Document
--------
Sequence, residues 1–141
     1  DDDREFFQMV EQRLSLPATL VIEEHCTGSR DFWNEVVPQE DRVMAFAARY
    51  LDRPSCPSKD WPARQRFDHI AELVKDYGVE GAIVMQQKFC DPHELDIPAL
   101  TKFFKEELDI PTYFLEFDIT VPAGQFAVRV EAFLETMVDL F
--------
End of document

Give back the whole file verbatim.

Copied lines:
Sequence, residues 1–141
     1  DDDREFFQMV EQRLSLPATL VIEEHCTGSR DFWNEVVPQE DRVMAFAARY
    51  LDRPSCPSKD WPARQRFDHI AELVKDYGVE GAIVMQQKFC DPHELDIPAL
   101  TKFFKEELDI PTYFLEFDIT VPAGQFAVRV EAFLETMVDL F